Using InterSystems Without a Private Web Server (S2, E12)

December 18, 2023 00:15:30
Using InterSystems Without a Private Web Server (S2, E12)
Data Points
Using InterSystems Without a Private Web Server (S2, E12)

Dec 18 2023 | 00:15:30

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Hosted By

Derek Robinson

Show Notes

Learn about the removal of the private web server in InterSystems products as Brenna Quirk (Technical Online Course Developer) interviews Andreas Dieckow (Principal Product Manager). You will learn about the reasons InterSystems has removed the private web server, the impact on your systems, and the things to consider when preparing for a more secure future without the private web server.

To learn more about preparing your systems to migrate off of the private web server, visit Migrating off the Private Web Server During Product Upgrade.

For more information about Data Points, visit https://datapoints.intersystems.com.

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Episode Transcript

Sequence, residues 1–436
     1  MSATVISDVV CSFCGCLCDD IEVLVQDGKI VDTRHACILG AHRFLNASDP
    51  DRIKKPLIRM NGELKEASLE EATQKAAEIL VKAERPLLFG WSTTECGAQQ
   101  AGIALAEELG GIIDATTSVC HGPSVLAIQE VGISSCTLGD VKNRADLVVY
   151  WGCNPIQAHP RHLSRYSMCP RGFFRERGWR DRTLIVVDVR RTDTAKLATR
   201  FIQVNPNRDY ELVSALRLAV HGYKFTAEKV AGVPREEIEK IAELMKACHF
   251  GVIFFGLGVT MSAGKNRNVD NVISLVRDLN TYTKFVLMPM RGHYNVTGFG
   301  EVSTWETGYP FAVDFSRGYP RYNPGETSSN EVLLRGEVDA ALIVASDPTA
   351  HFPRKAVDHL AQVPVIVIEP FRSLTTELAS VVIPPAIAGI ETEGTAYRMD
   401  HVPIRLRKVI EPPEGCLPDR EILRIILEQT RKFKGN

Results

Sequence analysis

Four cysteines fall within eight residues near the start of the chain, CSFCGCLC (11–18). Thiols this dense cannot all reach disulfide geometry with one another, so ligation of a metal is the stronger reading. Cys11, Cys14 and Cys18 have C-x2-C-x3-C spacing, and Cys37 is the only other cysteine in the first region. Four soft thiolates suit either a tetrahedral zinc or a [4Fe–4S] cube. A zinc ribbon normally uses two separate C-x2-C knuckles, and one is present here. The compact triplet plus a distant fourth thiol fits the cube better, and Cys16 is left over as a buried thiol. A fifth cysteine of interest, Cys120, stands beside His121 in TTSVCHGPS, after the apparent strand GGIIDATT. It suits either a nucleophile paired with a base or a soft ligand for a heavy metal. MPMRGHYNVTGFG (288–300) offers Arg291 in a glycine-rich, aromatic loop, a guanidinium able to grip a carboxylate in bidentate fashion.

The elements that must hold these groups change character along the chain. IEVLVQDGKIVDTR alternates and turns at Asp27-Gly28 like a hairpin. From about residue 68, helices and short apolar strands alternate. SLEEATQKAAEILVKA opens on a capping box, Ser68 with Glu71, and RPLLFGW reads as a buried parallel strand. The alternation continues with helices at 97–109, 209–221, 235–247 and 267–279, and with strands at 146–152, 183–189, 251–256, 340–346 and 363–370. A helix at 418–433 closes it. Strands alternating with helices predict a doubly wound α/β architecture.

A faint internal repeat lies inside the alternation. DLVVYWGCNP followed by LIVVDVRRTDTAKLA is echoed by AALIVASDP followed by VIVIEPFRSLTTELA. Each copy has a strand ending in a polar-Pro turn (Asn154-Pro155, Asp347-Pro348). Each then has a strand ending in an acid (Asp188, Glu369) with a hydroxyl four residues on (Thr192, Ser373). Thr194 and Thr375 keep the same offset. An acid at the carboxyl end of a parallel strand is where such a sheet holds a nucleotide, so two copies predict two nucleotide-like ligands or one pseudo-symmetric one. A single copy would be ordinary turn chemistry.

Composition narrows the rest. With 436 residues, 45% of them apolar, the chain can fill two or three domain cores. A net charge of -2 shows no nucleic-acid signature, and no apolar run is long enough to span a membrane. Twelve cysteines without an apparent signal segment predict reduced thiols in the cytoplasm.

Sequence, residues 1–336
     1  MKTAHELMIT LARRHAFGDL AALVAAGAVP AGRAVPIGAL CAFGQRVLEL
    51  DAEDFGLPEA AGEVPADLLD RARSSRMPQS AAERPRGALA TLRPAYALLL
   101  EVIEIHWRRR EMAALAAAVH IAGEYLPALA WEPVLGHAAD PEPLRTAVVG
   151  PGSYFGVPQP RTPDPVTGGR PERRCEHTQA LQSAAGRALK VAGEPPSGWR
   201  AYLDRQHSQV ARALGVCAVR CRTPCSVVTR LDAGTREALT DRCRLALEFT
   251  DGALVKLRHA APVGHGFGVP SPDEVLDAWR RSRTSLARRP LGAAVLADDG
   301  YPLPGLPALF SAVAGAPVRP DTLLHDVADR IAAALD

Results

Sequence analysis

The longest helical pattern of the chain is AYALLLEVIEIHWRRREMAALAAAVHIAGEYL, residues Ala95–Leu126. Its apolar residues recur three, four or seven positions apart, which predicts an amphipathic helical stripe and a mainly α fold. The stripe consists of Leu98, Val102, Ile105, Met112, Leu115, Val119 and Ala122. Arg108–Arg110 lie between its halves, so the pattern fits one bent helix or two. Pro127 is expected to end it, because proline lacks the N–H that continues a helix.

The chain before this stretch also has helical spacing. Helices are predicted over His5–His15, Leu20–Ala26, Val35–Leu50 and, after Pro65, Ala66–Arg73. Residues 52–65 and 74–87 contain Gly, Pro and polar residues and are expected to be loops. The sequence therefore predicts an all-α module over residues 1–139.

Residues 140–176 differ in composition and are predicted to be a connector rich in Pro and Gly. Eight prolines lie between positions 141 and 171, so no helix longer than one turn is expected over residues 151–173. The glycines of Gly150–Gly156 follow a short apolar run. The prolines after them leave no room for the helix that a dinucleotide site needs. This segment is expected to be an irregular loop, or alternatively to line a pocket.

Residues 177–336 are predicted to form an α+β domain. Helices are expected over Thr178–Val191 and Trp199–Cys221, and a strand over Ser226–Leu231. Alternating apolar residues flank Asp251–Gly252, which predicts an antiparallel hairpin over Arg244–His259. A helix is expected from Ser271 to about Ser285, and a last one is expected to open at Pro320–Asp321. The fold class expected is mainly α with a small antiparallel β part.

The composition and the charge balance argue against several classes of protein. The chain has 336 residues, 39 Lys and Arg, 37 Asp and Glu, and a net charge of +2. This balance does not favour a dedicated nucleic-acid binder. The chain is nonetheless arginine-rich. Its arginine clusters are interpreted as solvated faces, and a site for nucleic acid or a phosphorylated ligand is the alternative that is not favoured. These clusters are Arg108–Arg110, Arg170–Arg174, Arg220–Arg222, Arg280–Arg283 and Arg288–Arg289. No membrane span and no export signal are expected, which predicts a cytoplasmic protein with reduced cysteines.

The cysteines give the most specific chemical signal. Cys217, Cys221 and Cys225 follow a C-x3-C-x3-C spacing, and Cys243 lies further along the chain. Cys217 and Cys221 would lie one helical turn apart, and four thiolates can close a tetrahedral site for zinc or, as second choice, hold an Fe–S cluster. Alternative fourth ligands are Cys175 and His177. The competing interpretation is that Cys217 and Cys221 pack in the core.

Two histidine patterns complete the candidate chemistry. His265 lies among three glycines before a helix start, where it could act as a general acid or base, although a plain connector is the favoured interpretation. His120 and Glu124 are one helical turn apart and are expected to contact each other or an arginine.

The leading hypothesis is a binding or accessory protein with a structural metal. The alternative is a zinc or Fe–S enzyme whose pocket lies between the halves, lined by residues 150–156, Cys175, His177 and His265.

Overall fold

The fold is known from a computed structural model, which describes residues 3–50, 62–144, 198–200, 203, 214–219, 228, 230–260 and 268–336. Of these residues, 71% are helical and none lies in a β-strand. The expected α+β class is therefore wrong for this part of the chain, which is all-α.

[00:00:01] Brenna Quirk: Welcome to Data Points, a podcast by InterSystems Learning Services. Make sure to subscribe to the podcast on your favorite podcast app. Links can be found at datapoints.intersystems.com. I'm Brenna Quirk, and on this episode, I'll chat with Andreas Dieckow, Principal Product Manager at InterSystems, about the discontinuation of the InterSystems private web server. Welcome to the Data Points podcast by InterSystems Learning Services. I'm Brenna Quirk, a Technical Online Course Developer at InterSystems. I've joined our regular host, Derek on the podcast once before, but today I'm excited to be taking over the whole episode, start to finish. On this episode, I will be talking with Andreas Dieckow about the discontinuation of the InterSystems private web server. Andreas's main focus is on product security, and there's been a lot of buzz recently about security relating to the PWS, and how removing it improves security. So I've been working with Andreas the past few months to make sure that we're equipping our customers with all the information needed for this change. So let's hear from Andreas as he shares with us everything we need to know about this project. [00:14:12] Brenna Quirk: Okay, today we have Andreas Dieckow on the podcast, and Andreas, recently you've been working on improving product security for the internal web server. So if anyone has used InterSystems products before, you likely know that the installation kit includes a limited Apache web server, which is often referred to as the private web server, or PWS. And we've offered this for convenience purposes, but it was never recommended for use in production. And starting with 2023.2, InterSystems has removed the PWS from the installation kit. So, Andreas, what was the main motivation for removing the PWS? [00:01:56] Andreas Dieckow: Security and risk assessments are increasingly getting more important, and customers have heightened sensitivity in these areas. Protecting the environment is one of the core, must-have components. InterSystems is happy to see how many customers are engaging in best practices like scanning for vulnerabilities, continuous education on security topics, and monitoring the market for potential vulnerabilities related to their product use. Once a vulnerability is detected, the risk assessment process helps identifying impact scope and mitigation urgency, among others. [00:02:38] Brenna Quirk: So what actually happens when a security vulnerability comes up? [00:02:42] Andreas Dieckow: The major concern is the mitigation of the vulnerability. Besides this, the details of the vulnerability, together with how fast the correction can be available. Typically, additional questions are, do I have to take downtime to mitigate the issue, or is there a correct backward compatibility? [00:03:02] Brenna Quirk: Got you. So now let me shift gears for just a second and ask you a little bit more about the PWS. So what was the PWS, and what did it do? [00:03:11] Andreas Dieckow: The PWS is a web server that was built from Apache source code. We included it in our products, and it was always available. Because it was built from source code, it could just be placed everywhere. Every IRIS instance has its own web server, and it was available on all IRIS platforms. As previously mentioned, we offered it for convenience and not for instances holding any kind of sensitive data. [00:03:40] Brenna Quirk: Okay, so going along with that, what does it look like if a security vulnerability comes up specifically with the PWS? [00:03:47] Andreas Dieckow: I will use Apache as an example. Please keep in mind that this will also apply to IIS. Because the PWS is built from the source of Apache, the concern would be a vulnerability in InterSystems IRIS. Customers not using the PWS could simply make sure that it was not used by disabling the private web server. Customers relying on the PWS would like to get a corrected Apache version as fast as possible. Web servers are often at the heart of many applications, and disabling it is typically not an option. Once a web server vendor has completed the correction process, InterSystems would get those source code files, compile, and test them. As mentioned earlier, the PWS was delivered to customers using InterSystems IRIS kits. Those kits had to be built and tested, and then released to customers. Customers would often have the need to apply their own quality testing before they could perform the IRIS upgrade installation. As you have guessed by now, a pretty lengthy process. [00:04:53] Brenna Quirk: Right. So how does getting rid of the PWS help? [00:04:58] Andreas Dieckow: InterSystems created the NoPWS project to remove it from our distribution. The goal is to make sure that all the challenges mentioned previously are addressed. By no longer relying on the PWS, but installing and using the web server as offered by the web server vendors. There is no longer a requirement for InterSystems to build the PWS, or to provide upgrade kits in case of a web server vulnerability correction. Currently, InterSystems IRIS versions will no longer install the private web server. Customers will now need to install a web server if one is needed for your application, or you would like to use it for system management portal access. Those installations require SUDO or root rights, which is a new requirement that was not needed with the private web server. On the plus side, it is a web server installation with a much better security posture. [00:05:57] Brenna Quirk: Okay, yeah, that's great. So it sounds like users probably have a lot of different setups on their different systems. So who does this change actually affect? [00:06:08] Andreas Dieckow: In short, customers that used the PWS. I know a lot of customers that are already installing a web server other than the PWS, or have started to move away from the PWS after we announced the discontinuation a few years back. The migration from the PWS or IIS will have some differences. First, you will have one web server that will manage your web server configurations for all local instances. With the PWS, every instance had its own web server. Second, after migration from the PWS to IIS or Apache, the URL will change. The previous URL was using the port number to identify the instance. Now it is the instance name. [00:06:52] Brenna Quirk: And now, that's the URL for the system Management Portal? [00:06:56] Andreas Dieckow: Yes. [00:06:56] Brenna Quirk: Okay. [00:07:00] Andreas Dieckow: One change you might notice is that with the NoPWS project, we also addressed a lot of small issues, so the overall experience is improved. [00:07:11] Brenna Quirk: That sounds great! And I know that moving forward there will be autoconfiguration available as part of InterSystems products installations. So can you walk me through that process in more detail? [00:07:23] Andreas Dieckow: Yes. Autoconfiguration is new with the NoPWS project. With the PWS, we had a pre-configured instance. With Apache, we're using one web server that holds the configuration for all instances. The same applies to the Internet Information Services, or IIS. The IRIS installer will check if it finds an enabled IIS or Microsoft Windows or an Apache installation in the default directory on all other platforms. During the installation, it will notify the user of a local web server if a local web server is available or not. Should the local web server be detected, the user has the option to request the autoconfiguration process for the instance. This step is the same for new or upgrade installations. If the upgrade installation is upgrading from an instance that is using the PWS, the installer would disable the private web server if it was selected during the autoconfiguration option. For IIS, the dialogue is slightly different but well documented in the InterSystems IRIS product documentation. [00:08:32] Brenna Quirk: Okay, so what happens if the instance that someone was using before, if they were using the PWS there? [00:08:39] Andreas Dieckow: In this case, the IRIS installer will also look for Apache to be installed. If the installer is requesting to perform the autoconfiguration, it will perform this task and afterwards disable the PWS. The PWS is still there and can be used in fallback situations. [00:08:56] Brenna Quirk: Okay, great, so it sounds like we've got a pretty good picture here. Is there anything else that our listeners should know about this project? [00:09:03] Andreas Dieckow: There are a few details worth mentioning. New InterSystems IRIS installations will no longer install the private web server. On upgrade, if the instance is using the PWS, IRIS will continue to use it unless the user started the migration process using the autoconfiguration. Eventually, InterSystems IRIS will no longer support the private web server. We have not yet published when that will be. As this is an important security improvement, InterSystems assumes that customers will move away from the PWS with high priority. Customers do not have to use Apache or IIS. For those web servers, customers need to perform their own configuration steps. For NGINX, InterSystems has published some guidance on how to use it. If customers made changes to the configuration of the PWS, they should switch manually. Remote configurations are of course still supported and mostly unchanged. Customers do not need to install a local web server. The main change here is the connection to the instance. We mentioned earlier that the URL is switching from using the port number to using the instance name. InterSystems only supports IIS on Windows for autoconfiguration. Customers can still use Apache on Microsoft Windows if desired, but need to perform their own configuration changes. A significant change is in the support for SELinux. With the private web server, SELinux was not aware of it. Using your own Apache installation, SELinux will need to be configured if HTTP or HTTPS connections are required for this instance. Starting with InterSystems IRIS 2023.3, InterSystems is shipping the files that SELinux requires. That enables customers to run SELinux in enforce mode, in most cases without additional changes. Brenna, you have worked on some additional material for our customers. What resources are available, and how will they help? [00:11:09] Brenna Quirk: Yeah, so we have a few different resources available for our customers here. So one that you mentioned already is the product documentation. Another big one is that InterSystems will be sharing installation scripts for Apache that perform the default root installation of the Apache web server so that it's correctly installed, ready to be automatically configured during product installation or product upgrade. And along with these, we have also created three videos that walk through the whole process from installing or enabling the web server through product installation, including autoconfiguring the web server. And these videos offer specifics both for Linux-based platforms and for Windows. So we show in Linux using an Apache web server with a single product instance, and then in Windows using IIS with a single product instance. And then in the third video, we have a slightly more complex configuration, where we show how to use an Apache web server with a mirrored configuration setup. This is a typical setup for users of HealthShare Health Connect, so that video will be specifically useful there. And in that video we also cover, as you mentioned, any considerations that might need to be made for SELinux, if you're running your instances on Red Hat. [00:12:31] Andreas Dieckow: How can our audience access those videos? [00:12:36] Brenna Quirk: So those videos are live on the InterSystems Learning site, which is learning.intersystems.com. We'll also link those on the page with this podcast. So if you're listening, there will be easy access there. And then the installation scripts that I mentioned for Apache, those will be available on the Developer Community. So since Apache is a third-party app, those aren't going to live on the InterSystems Learning site, but we do want to provide as much support to our users as possible. So we'll be making those available there as well. [00:13:05] Andreas Dieckow: That is great. Thank you. [00:13:06] Brenna Quirk: Yeah. So now that we've talked about all this for on-prem solutions, how is this different in the cloud? [00:13:15] Andreas Dieckow: Here, this will be even easier. In the cloud you don't do upgrade installations. Instead, you replace the container with a new one. But you still have to switch to a container that doesn't support the PWS. You have a few options. Run a web server container next to an IRIS container, or on Kubernetes, add a sidecar for the web server. There is a GitHub repo that has a few examples showing the option. It requires a bit more thought, but it is easy to make those changes. And the same principle applies where multiple instances can share the same web server. [00:13:53] Brenna Quirk: All right, great. So should be useful for anyone who's running in the cloud there. Now for the people listening today, Andreas, what would you say is the main takeaway that people should get from this conversation? [00:14:05] Andreas Dieckow: The quick answer is NoPWS equals better security. [00:14:09] Brenna Quirk: Great. [00:14:10] Andreas Dieckow: The process of using a web server has changed and seems intimidating at first, but after you have gone through it, it will feel as easy and natural as previous upgrade processes. As we have heard from Brenna, there is a good amount of information available to get started. That information might change over time as web server vendors adjust and improve their products. We hope you will find this new process quickly, easily, and straightforward. Changing the procedure was not an easy decision, but often requested by customers, and in line with best practices. Once you switched away from this private web server, it is probably as easy as doing an update on your mobile device. [00:14:54] Brenna Quirk: All right, so thank you very much for listening today, everyone, and thanks for joining me, Andreas! [00:15:00] Andreas Dieckow: Thank you very much. [00:15:03] Brenna Quirk: Thanks again, Andreas, for telling us all about the project to remove the private web server from InterSystems products. This is a really important project when it comes to keeping instances secure and mitigating risk in that area. If you want to learn more about it, you can visit the links to other learning content alongside this podcast. Thanks for joining us today, and we'll see you next time on Data Points.